When I read the above quote from Marion Nestle, nutrition professor at New York University, I almost spewed my morning coffee. The callout quote appeared in the business section of the Chicago Tribune this morning.

But it wasn’t the quote that first caught my eye. Rather it was the headline, “Nutrition for sale: How candy makers shape nutrition science” that immediately had me reading Candace Choi’s article. I guess this is what you call “sexing up” an article.

Ironically, my managing editor had sent me the same article via a link a day earlier, with the note “interesting reading.” I skimmed quickly and responded with a jaded “smoke and mirrors” comment. In other words, I didn’t think this piece really carried any weight.

But first, let me explain the gist of the article in elevator pitch fashion. Choi goes on to suggest that a Louisiana State University research project, which involved tapping into government databases and then discovering that children and teens eating candy were less likely to be obese, was really marketing razzle dazzle.

She goes on to cite e-mails and a recent quote by one of the authors as evidence that the whole project was suspect at best. In addition, Choi mentions that the National Confectioners Association (NCA) asked to see the research and provided some suggestions.

Choi’s contention is that the food industry seeks out favorable market research to boost their specific goals, that is increased sales. In addition, she goes on to cite examples of associations and companies having a role in how the papers are finalized.

In her article, Choi writes, “For the paper on candy-eating children, a disclosure says the funders had no role in the ‘design, analysis or writing of this manuscript’… But emails obtained from LSU show the National Confectioners Association made a number of suggestions.”

But Christopher Gindlesperger, the NCA’s vice president of public affairs and communications, explains what happened. 

“The authors offered us the courtesy of reviewing the manuscript, and we offered feedback for the author's consideration — no edits were mandatory to include, and the feedback did not alter or change the results of the research,” he says.  “In fact, the results of the research in question are supported by a number of studies that were not funded by industry and were published in peer-reviewed journals.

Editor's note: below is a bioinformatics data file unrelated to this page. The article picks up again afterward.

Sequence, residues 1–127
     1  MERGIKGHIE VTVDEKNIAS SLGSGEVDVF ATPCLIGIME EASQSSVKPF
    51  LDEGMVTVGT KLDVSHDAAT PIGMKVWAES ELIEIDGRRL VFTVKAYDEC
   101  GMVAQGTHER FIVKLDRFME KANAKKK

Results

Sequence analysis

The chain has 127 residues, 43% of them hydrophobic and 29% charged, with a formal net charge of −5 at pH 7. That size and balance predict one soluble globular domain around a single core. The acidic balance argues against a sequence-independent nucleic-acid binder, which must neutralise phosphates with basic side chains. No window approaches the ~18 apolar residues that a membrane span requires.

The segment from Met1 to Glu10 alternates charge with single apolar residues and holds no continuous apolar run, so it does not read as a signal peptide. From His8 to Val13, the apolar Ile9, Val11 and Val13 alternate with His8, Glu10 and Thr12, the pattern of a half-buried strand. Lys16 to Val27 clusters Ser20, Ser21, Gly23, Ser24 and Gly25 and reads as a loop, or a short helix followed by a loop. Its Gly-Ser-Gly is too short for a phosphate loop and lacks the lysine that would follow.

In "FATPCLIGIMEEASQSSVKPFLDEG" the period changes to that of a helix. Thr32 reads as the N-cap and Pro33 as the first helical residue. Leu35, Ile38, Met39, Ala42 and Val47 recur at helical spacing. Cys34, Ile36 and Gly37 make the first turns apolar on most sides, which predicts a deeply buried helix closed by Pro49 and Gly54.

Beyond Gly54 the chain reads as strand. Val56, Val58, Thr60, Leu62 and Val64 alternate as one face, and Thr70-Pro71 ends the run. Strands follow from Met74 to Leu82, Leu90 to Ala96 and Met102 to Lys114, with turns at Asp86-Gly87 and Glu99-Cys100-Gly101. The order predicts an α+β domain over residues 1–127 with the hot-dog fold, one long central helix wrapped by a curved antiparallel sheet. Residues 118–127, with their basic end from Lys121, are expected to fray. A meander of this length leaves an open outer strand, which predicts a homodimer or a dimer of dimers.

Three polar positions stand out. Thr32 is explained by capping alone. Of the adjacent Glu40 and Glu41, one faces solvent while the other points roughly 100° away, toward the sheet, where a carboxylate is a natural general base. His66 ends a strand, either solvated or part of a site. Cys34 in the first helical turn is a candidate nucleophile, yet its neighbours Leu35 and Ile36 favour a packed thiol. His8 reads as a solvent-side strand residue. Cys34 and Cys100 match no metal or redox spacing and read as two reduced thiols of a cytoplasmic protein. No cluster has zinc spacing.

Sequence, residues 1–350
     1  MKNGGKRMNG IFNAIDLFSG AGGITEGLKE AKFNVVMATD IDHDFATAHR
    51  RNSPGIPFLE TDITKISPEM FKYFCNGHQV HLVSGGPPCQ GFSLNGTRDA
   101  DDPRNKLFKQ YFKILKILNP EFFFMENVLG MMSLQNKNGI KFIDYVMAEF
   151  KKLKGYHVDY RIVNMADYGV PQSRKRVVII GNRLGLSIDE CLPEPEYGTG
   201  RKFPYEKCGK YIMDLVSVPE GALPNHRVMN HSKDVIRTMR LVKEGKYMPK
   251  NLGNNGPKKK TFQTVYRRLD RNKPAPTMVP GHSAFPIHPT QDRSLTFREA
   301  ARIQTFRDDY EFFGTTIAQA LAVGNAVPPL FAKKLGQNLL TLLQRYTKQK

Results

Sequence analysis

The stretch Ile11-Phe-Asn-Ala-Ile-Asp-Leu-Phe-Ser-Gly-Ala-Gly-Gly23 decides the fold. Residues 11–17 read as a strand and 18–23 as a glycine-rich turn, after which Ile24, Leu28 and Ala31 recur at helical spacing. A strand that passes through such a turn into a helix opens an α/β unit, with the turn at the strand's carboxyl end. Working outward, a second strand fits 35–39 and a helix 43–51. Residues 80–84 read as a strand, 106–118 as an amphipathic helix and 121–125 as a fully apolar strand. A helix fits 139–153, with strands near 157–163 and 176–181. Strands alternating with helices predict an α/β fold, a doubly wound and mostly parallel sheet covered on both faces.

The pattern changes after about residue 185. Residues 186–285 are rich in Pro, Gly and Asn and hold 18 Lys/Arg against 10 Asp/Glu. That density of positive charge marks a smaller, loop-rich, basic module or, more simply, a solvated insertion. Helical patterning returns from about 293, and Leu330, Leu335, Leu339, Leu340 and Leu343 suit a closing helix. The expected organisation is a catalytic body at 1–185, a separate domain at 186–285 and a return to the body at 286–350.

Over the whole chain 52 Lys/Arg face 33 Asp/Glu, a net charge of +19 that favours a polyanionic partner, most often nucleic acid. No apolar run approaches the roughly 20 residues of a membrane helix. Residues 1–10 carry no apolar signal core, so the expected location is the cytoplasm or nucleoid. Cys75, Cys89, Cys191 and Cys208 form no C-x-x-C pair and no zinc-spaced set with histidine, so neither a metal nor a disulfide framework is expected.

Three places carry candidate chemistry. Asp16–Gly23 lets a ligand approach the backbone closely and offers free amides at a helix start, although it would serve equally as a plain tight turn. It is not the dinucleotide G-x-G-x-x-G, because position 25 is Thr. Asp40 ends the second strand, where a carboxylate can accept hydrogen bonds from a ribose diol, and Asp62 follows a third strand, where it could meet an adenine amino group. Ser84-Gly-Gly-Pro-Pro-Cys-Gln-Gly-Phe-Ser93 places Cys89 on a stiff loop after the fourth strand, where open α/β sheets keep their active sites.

“The vast majority of available research (including research not funded by industry) supports that consumers understand the unique role that chocolate, candy, gum and mints can play in a happy, balanced lifestyle,” he continues. “People appreciate that candy is an honest and transparent treat, and they are choosing their moment to enjoy it.”

Common sense, correct? But there’s more. On May 4, I wrote about a new research survey done by Australian scientists involving 180,000 kids.

Published in the April 13 issue of the American Journal of Clinical Nutrition, Constantine Gasser and her colleagues discovered “that the more chocolate and candy kids ate, the slimmer they tended to be. The odds of being overweight or obese were 18 percent lower among the most avid consumers of chocolate and candy.”

She went on to explain that… “Instead of overweight and obese children and adolescents having higher confectionery intakes, this review shows the reverse effect. This result might reflect a true inverse association, reverse causality, or differential underreporting in heavier individuals. Interventions may need to focus on dietary elements other than confectionery to tackle obesity.”

Hmmm. Sounds familiar?

Does this cancel out Choi’s claim about food science research being biased? No, I’m sure there have been and will continue to be research studies that are looking for a marketable health claim… and results that sustain that claim. Still, many researchers and scientists realize that their reputation is on the line; it’s a small community and it doesn’t take long before word gets around that a research paper is flawed.

Nonetheless, does that mean only health claims move sales, as Nestle claims? Can’t hurt, I suppose, but somehow, I don’t think the confectionery industry relies on health claims to spur sales. Merchandising, promotions, advertising, clever media campaigns and innovative/convenient/tasty products do much more.

Another thing, candy makers are not selling nutrition. They are selling sweetness, taste, comfort, indulgence, a permissible treat. Moreover, I don’t see them influencing nutritional scientists the way the Chicago Tribune headline suggests.

What I would suggest is a bit of moderation and common sense in headline writing and generalizations. From a confectionery perspective, it’s — as I mentioned earlier — smoke and mirrors.